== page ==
Do you know why children in Japan can look at a picture of the great State and know exactly what it is about the same time they can tell a rhombus from a trapezoid? I can tell you that right quick. You. The same spirit that made 186 men cross that line in the sand in San Antonio damned near 165 years ago is still in you today. Why else would my friend send me William Barrett Travis' plea for help in an email just a week ago, or why would Charles Stenciled ask me to reprint a Texas Independence column from a year ago?
What would make my friend Elizabeth say, "I don't know if I can marry a man who doesn't love Texas like I do?" Why in the hell are 1,000 people coming to my house this weekend to celebrate a holiday for what used to be a nation that is now a state? Because the spirit that made that nation is the spirit that burned in every person who founded this great place we call Texas, and they passed it on through blood or sweat to every one of us.
You see, that spirit that made Texas what it is, is alive in all of us, even if we can't stand next to a cannon to prove it, and it's our responsibility to keep that fire burning. Every person who ever put a "Native Texan" or an "I wasn't born in Texas but I got here as fast a could" sticker on his car understands. Anyone who ever hung a map of Texas on their wall or flew a Lone Star flag on their porch knows what I mean.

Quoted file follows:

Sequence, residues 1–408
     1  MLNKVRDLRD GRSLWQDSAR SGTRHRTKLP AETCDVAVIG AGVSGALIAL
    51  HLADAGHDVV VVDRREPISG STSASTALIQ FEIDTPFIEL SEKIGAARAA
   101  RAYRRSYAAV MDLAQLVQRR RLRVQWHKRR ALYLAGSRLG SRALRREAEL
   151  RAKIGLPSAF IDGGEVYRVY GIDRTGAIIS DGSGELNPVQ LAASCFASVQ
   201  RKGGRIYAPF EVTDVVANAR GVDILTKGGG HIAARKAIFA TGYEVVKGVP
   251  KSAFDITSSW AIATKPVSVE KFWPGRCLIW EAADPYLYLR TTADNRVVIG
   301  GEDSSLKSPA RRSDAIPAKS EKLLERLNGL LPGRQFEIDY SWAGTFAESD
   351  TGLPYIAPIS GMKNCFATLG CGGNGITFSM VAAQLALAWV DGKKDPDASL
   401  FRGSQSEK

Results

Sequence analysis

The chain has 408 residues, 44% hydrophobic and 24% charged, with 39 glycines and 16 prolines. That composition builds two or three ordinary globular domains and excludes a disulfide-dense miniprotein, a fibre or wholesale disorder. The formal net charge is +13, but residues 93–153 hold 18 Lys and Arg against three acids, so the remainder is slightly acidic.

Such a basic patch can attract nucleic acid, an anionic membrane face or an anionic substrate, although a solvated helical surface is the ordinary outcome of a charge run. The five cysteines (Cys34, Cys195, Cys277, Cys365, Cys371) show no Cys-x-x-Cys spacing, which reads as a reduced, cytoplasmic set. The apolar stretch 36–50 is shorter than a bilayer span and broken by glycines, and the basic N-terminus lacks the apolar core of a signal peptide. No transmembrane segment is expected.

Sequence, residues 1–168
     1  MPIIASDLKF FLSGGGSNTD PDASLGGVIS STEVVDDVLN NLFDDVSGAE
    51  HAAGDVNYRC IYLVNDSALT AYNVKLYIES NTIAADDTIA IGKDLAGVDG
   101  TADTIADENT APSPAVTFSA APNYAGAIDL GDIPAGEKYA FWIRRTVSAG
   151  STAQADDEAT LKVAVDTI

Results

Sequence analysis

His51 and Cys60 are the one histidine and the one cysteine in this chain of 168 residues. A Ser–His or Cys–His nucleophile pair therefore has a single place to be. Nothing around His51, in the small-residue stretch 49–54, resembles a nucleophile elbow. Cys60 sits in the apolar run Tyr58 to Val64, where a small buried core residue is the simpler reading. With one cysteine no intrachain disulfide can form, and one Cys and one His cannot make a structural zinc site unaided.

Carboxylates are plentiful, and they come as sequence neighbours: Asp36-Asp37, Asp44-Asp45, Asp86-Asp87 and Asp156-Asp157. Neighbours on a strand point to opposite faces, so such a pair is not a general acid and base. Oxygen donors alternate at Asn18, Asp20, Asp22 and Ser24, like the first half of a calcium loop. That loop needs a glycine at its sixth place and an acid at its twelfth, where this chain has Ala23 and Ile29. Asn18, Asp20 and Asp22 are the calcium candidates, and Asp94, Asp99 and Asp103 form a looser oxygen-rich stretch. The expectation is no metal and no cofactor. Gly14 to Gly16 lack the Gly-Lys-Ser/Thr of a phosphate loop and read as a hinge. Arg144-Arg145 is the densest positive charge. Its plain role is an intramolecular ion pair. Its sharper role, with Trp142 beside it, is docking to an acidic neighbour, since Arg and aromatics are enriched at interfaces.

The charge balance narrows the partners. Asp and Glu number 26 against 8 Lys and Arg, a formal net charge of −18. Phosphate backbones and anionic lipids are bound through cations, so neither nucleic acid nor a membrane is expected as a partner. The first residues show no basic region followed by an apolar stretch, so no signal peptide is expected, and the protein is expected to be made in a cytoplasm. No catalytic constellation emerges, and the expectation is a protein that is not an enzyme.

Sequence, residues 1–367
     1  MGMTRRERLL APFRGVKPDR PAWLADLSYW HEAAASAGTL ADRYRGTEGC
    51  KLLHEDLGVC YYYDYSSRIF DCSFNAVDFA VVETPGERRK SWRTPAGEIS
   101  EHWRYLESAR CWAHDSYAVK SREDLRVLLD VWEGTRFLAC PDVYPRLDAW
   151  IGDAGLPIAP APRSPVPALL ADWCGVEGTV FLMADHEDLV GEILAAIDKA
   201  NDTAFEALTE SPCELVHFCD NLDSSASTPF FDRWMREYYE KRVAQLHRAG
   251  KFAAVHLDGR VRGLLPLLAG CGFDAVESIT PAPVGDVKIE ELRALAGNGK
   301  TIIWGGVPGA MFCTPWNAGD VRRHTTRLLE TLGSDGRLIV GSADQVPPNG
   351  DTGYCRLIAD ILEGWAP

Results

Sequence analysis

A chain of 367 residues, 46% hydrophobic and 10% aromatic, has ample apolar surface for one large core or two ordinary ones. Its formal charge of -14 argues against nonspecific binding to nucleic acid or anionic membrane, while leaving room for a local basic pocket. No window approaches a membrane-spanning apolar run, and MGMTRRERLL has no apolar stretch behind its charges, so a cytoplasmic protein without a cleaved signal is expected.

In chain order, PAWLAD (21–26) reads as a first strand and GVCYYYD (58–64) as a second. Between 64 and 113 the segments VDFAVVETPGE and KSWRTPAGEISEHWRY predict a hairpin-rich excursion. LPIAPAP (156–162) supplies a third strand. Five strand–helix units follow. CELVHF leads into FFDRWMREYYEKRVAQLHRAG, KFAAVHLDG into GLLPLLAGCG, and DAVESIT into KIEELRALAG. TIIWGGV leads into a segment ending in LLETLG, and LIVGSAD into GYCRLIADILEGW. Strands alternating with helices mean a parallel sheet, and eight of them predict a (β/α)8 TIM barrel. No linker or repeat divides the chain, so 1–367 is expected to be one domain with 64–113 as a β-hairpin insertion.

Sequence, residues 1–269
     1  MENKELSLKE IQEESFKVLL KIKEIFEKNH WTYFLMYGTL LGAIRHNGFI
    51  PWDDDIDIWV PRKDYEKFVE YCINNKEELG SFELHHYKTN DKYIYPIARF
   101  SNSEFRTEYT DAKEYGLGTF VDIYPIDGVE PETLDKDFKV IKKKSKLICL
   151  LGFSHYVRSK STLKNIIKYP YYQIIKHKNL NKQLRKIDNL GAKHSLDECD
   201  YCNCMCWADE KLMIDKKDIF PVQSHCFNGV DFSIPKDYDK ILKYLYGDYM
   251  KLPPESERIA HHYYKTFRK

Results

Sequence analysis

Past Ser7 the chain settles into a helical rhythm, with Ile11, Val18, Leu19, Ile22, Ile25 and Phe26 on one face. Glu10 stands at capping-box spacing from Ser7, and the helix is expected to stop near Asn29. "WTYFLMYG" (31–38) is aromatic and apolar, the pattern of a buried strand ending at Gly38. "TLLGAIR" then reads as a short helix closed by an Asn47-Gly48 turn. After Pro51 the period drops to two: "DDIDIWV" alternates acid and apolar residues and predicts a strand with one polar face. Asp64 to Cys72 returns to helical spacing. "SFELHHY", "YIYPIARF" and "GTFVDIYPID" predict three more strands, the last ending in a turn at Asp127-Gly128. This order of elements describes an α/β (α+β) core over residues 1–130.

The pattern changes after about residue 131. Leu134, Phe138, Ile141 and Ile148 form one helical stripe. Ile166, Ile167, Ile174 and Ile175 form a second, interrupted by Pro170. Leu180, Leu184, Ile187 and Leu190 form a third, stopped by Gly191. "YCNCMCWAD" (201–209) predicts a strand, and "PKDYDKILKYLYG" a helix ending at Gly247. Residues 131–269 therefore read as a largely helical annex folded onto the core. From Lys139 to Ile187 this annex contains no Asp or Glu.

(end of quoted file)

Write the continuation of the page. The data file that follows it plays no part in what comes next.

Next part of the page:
My Dad's buddy Bill has an old saying. He says that some people were forged of a hotter fire. Well, that's what it is to be Texan. To be forged of a hotter fire.
To know that part of Colorado was Texas. That part of New Mexico was Texas. That part of Oklahoma was Texas. Yep. Talk all you want. Part of what you got was what we gave you. To look at a picture of Idaho or Istanbul and say, "what the Hell is that?" when you know that anyone in Idaho or Istanbul who sees a picture of Texas knows damned good and well what it is. It isn't the shape, it isn't the state, it's the state of mind. You're what makes Texas.
The fact that you would take 15 minutes out of your day to read this, because that's what Texas means to you, that's what makes Texas what it is. The fact that when you see the guy in front of you litter you honk and think, "Sonofabitch. Littering on MY highway."
When was the last time you went to a person's house in New York and you saw a big map of New York on their wall? That was never. When did you ever drive through Oklahoma and see their flag waving on four businesses in a row? Can you even tell me what the flag in Louisiana looks like? I damned sure can't.
But I bet my ass you can't drive 20 minutes from your house and not see a business that has a big Texas flag as part of its logo. If you haven't done business with someone called All Tex something or Lone Star somebody or other, or Texas such and such, you hadn't lived here for too long.
When you ask a man from New York what he is, he'll say a stockbroker, or an accountant, or an ad exec. When you ask a woman from California what she is, she'll tell you her last name or her major. Hell either of em might say "I'm a republican," or they might be a democrat. When you ask a Texan what they are, before they say, "I'm a Methodist," or "I'm a lawyer," or "I'm a Smith," they tell you they're a Texan. I got nothin' against all those other places, and Lord knows they've probably got some fine folks, but in your gut you know it just like I do, Texas is just a little different.